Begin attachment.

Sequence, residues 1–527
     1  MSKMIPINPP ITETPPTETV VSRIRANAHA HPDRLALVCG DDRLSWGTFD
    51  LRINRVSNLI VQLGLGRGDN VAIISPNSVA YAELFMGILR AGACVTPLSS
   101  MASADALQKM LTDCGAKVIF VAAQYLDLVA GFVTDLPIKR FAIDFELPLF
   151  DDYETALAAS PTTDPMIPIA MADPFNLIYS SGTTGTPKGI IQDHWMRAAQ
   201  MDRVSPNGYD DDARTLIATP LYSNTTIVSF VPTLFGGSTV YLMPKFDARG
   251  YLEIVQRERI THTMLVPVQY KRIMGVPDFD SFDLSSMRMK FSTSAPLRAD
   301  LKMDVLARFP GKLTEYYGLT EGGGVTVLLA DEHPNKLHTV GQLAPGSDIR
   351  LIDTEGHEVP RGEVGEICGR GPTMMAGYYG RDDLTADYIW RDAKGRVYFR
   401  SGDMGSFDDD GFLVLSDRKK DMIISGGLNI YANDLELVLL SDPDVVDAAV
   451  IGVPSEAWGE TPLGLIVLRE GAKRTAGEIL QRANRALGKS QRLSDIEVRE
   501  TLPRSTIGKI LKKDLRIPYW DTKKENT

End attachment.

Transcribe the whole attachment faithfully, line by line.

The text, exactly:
Sequence, residues 1–527
     1  MSKMIPINPP ITETPPTETV VSRIRANAHA HPDRLALVCG DDRLSWGTFD
    51  LRINRVSNLI VQLGLGRGDN VAIISPNSVA YAELFMGILR AGACVTPLSS
   101  MASADALQKM LTDCGAKVIF VAAQYLDLVA GFVTDLPIKR FAIDFELPLF
   151  DDYETALAAS PTTDPMIPIA MADPFNLIYS SGTTGTPKGI IQDHWMRAAQ
   201  MDRVSPNGYD DDARTLIATP LYSNTTIVSF VPTLFGGSTV YLMPKFDARG
   251  YLEIVQRERI THTMLVPVQY KRIMGVPDFD SFDLSSMRMK FSTSAPLRAD
   301  LKMDVLARFP GKLTEYYGLT EGGGVTVLLA DEHPNKLHTV GQLAPGSDIR
   351  LIDTEGHEVP RGEVGEICGR GPTMMAGYYG RDDLTADYIW RDAKGRVYFR
   401  SGDMGSFDDD GFLVLSDRKK DMIISGGLNI YANDLELVLL SDPDVVDAAV
   451  IGVPSEAWGE TPLGLIVLRE GAKRTAGEIL QRANRALGKS QRLSDIEVRE
   501  TLPRSTIGKI LKKDLRIPYW DTKKENT